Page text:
II. Epidemiology

  1. Incidence: 10-15% of Congenital Heart Disease
  2. Most common cause of CHD outside infancy

III. Pathophysiology

  1. See Tet Spell
  2. Cyanotic Congenital Heart Disease
    1. Secondary to Right-To-Left Shunt (related to VSD and pumonary stenosis)
    2. May present in first days to month of life with Cyanosis and severe pulmonic stenosis
      1. Stabilized with PGE-1 infusion followed by endovascular ductus stent
      2. Similar initial management as with other cyanotic ductus dependent lesions
  3. Four components
    1. Primary features responsible for symptoms (resulting in a right to left shunt)
      1. Large Ventricular Septal Defect (VSD)
      2. Right outflow tract obstruction
    2. Other features
      1. Right Ventricular Hypertrophy
      2. Aorta overides both ventricles (mixing oxygenated and deoxygenated blood)
  4. Right to left shunt is the key mechanism of Tetralogy of Fallot
    1. Right outflow obstruction leads to pulmonary vascular resistance greater than Systemic Vascular Resistance
      1. Blood easily shunts across the Ventricular Septal Defect which re-circulates de-oxygenated blood
      2. Tet Spells occur from increased right sided pressures, or decreased left sided pressures
    2. Increased right sided pressures
      1. Hypoxia
      2. Tachycardia
    3. Decreased left sided pressures
      1. Fever or Sepsis
      2. Dehydration

IV. Associated Conditions

  1. Right aortic arch (25%)
  2. Atrial Septal Defect (15%)
  3. Absent pulmonary valve
  4. Pulmonary atresia
  5. Pulmonary stenosis
  6. Atrioventricular septal defect
  7. Left superior vena cava to coronary sinus

V. Signs: General

  1. Oxygen Saturation is always low (e.g. 80%)
  2. Systolic ejection murmur at left sternal border
    1. Grade III+ intensity, harsh Systolic Murmur
    2. Murmur diminishes in intensity during "Tet Spell"
  3. Single S2 Heart Sound

VI. Signs: Tet Spell

  1. Ill appearing child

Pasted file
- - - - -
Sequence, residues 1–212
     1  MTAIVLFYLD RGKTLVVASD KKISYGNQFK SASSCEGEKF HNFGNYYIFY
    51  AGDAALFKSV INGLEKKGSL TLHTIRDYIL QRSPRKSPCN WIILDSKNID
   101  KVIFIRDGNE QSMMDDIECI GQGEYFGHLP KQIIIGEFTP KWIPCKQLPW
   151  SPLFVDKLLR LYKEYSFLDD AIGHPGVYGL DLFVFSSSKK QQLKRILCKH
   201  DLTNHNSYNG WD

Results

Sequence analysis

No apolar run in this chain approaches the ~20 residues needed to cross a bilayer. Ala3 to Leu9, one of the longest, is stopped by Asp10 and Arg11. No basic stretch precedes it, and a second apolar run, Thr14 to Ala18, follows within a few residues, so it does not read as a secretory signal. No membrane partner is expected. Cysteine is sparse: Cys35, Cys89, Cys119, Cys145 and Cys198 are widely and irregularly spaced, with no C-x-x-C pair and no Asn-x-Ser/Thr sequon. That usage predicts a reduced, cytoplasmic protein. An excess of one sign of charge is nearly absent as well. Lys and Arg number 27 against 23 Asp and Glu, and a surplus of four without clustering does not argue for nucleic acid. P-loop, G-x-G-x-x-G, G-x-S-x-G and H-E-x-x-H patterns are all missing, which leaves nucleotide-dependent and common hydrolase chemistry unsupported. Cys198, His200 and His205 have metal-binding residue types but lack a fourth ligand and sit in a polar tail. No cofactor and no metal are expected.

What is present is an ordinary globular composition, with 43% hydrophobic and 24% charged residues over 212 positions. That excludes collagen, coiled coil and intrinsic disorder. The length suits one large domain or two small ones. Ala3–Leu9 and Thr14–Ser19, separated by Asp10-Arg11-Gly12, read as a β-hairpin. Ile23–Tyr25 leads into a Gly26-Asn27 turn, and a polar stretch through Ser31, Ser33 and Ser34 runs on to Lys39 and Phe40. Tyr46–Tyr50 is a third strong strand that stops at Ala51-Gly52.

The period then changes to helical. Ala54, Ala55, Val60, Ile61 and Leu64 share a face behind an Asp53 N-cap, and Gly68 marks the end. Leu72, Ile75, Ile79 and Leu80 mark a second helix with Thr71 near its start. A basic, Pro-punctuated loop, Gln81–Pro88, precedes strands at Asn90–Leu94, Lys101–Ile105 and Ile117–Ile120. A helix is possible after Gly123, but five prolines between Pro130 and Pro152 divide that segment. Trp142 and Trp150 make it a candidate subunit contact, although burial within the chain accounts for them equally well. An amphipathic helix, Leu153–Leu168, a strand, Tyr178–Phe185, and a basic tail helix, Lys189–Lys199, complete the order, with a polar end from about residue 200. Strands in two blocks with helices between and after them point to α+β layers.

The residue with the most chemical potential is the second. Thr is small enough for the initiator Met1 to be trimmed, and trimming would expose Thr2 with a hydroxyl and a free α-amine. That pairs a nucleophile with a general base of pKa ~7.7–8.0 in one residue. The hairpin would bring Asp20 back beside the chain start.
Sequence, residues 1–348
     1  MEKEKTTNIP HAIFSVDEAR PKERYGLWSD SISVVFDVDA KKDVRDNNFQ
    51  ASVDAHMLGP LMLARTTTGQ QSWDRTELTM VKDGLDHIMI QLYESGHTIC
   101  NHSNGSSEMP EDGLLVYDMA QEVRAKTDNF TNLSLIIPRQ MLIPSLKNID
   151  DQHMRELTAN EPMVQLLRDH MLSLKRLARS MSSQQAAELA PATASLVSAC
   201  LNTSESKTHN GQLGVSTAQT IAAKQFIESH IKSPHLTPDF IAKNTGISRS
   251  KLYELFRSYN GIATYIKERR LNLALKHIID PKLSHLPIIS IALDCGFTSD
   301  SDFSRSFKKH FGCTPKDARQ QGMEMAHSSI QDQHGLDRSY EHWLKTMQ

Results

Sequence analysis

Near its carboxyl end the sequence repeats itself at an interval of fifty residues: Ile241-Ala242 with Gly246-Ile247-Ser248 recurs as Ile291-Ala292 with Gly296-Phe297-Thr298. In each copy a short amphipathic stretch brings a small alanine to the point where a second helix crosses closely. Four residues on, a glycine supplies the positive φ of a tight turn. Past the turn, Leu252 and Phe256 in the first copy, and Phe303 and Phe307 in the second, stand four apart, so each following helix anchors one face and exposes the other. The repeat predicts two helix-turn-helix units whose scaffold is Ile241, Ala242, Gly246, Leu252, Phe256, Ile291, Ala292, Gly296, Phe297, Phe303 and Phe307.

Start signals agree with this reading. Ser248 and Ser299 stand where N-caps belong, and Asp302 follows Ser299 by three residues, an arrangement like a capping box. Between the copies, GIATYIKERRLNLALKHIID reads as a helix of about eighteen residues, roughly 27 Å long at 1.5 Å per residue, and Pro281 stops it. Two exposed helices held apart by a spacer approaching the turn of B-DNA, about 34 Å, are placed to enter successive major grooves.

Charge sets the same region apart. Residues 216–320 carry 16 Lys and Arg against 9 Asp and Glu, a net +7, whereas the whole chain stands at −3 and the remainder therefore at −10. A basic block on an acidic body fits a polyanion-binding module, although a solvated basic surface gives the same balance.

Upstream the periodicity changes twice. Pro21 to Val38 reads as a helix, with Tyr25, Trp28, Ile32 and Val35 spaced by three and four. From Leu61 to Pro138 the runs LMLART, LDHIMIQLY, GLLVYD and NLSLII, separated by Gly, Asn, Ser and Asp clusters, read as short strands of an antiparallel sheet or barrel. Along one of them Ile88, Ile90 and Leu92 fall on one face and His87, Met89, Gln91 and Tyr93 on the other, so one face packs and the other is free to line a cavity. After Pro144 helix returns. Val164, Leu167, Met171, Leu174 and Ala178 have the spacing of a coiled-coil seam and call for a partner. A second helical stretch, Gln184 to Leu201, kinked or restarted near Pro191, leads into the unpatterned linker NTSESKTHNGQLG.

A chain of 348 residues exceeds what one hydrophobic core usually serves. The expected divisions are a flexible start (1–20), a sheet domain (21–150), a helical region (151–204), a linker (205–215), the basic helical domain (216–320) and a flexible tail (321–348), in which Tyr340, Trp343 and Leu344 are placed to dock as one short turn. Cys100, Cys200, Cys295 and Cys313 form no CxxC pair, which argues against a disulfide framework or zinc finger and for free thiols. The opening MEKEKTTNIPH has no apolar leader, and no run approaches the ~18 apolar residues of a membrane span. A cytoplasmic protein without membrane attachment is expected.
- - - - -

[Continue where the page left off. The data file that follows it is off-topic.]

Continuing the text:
2. Refractory Hypoxia
  3. Right ventricular outflow related murmur decreases with a lowering of right sided-flow
  4. VSD-related murmur persists

VII. Diagnostics: Electrocardiogram

VIII. Labs

  1. Arterial Blood Gas
    1. Normal arterial pH
    2. Normal arterial pCO2
    3. Low arterial pO2

IX. Imaging

  1. Chest XRay
    1. Heart size normal or small
    2. Narrow mediastinum
    3. Heart may appear "boot shaped" in classic presentation
  2. Echocardiogram
    1. Large Ventricular Septal Defect (VSD)
    2. Right outflow tract obstruction
    3. Right Ventricular Hypertrophy
    4. Overriding aorta

X. Management: Tet Spell

  1. Decrease stress (to reduce Heart Rate and allow for pulmonary vascular filling)
    1. Calming measures
    2. Treat pain and avoid painful procedures
      1. Use EMLA cream prior to IV insertion
      2. Intranasal anxiolysis and Analgesics
        1. Intranasal Fentanyl
        2. Intranasal Midazolam
        3. Intranasal Ketamine
  2. Knee chest position
    1. Increases Systemic Vascular Resistance
  3. Manage Hypoxia (to reduce pulmonary vascular resistance)
    1. Supplemental Oxygen
    2. Critically ill children may require Endotracheal Intubation (high risk)
      1. Ensure adequate preoxygenation and hydration prior to intubation
      2. Have Phenylephrine or neorepinephine available bedside to immediately treat Peri-Intubation Hypotension
  4. Treat Hypovolemia and Hypotension
    1. Rehydration with IV fluid boluses
    2. Vasopressors that do not increase Heart Rate
      1. Phenylephrine
      2. Norepinephrine

XI. Management: Surgery

  1. Stabilized with PGE-1 infusion followed by endovascular ductus stent in first days of life before ductus closure
    1. Similar initial management as with other cyanotic ductus dependent lesions
  2. Subclavian to pulmonary artery shunt (Blalock-Taussig)
    1. Palliative or temporizing method
  3. Definitive, total repair
    1. Repair as newborn or at age 3 years
    2. Ventricular Septal Defect patch
    3. Right ventricular outflow tract widening

XII. Causes: Cyanotic Episodes ("Tet Spells")

  1. Hypoxia responsive to Supplemental Oxygen
    1. Impaired alveolar gas exchange (e.g. Pneumonia, Pulmonary Edema)
  2. Hypoxia UNresponsive to Supplemental Oxygen
    1. Decreased pulmonary Blood Flow via ductus arteriosus (ductus stent Occlusion, closure of unstented ductus)

XIII. Complications: Without repair (inoperable cases)

XIV. Complications: Post-surgical correction

  1. Arrhythmia
  2. Right ventricular insufficiency
    1. Right Ventricular Failure
    2. Pulmonary insufficiency
  3. Left ventricular insufficiency
    1. Left Ventricular Failure
    2. Aortic Insufficiency

XV. Prognosis

  1. Survival post-surgical repair: >95%
  2. Cognitive development may be impaired

XVI. References

  1. Drapkin and Claudius (2024) Tetralogy of Fallot, EM:Rap, published 4/22/2024
  2. Broder (2023) Crit Dec Emerg Med 37(9): 22-3
  3. Civitarese and Crane (2016) Crit Dec Emerg Med 30(1): 14-23
  4. Cyran (1998) PREP review lecture, October, Phoenix
  5. Merenstein (1994) Pediatrics, Lange
  6. Tsze and Spangler in Herbert (2015) EM:Rap 15(4): 2-3
  7. Saenz (1999) Am Fam Physician 59(7):1857-66 [PubMed]

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